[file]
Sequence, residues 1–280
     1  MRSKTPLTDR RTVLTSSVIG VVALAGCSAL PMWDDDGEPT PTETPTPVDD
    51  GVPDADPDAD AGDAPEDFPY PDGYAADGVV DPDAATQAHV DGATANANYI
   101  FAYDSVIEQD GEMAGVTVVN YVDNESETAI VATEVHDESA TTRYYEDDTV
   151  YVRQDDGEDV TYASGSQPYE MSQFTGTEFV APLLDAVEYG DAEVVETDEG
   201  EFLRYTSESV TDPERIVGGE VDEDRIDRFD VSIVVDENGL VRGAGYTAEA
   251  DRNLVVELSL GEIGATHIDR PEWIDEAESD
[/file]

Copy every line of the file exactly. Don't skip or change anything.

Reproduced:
Sequence, residues 1–280
     1  MRSKTPLTDR RTVLTSSVIG VVALAGCSAL PMWDDDGEPT PTETPTPVDD
    51  GVPDADPDAD AGDAPEDFPY PDGYAADGVV DPDAATQAHV DGATANANYI
   101  FAYDSVIEQD GEMAGVTVVN YVDNESETAI VATEVHDESA TTRYYEDDTV
   151  YVRQDDGEDV TYASGSQPYE MSQFTGTEFV APLLDAVEYG DAEVVETDEG
   201  EFLRYTSESV TDPERIVGGE VDEDRIDRFD VSIVVDENGL VRGAGYTAEA
   251  DRNLVVELSL GEIGATHIDR PEWIDEAESD